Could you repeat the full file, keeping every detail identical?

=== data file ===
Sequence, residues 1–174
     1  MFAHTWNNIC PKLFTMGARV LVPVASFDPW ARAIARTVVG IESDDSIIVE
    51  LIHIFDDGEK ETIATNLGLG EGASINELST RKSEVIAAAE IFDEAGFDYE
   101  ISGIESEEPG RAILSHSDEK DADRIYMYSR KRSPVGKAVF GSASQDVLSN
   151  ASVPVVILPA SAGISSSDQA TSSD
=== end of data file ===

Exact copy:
Sequence, residues 1–174
     1  MFAHTWNNIC PKLFTMGARV LVPVASFDPW ARAIARTVVG IESDDSIIVE
    51  LIHIFDDGEK ETIATNLGLG EGASINELST RKSEVIAAAE IFDEAGFDYE
   101  ISGIESEEPG RAILSHSDEK DADRIYMYSR KRSPVGKAVF GSASQDVLSN
   151  ASVPVVILPA SAGISSSDQA TSSD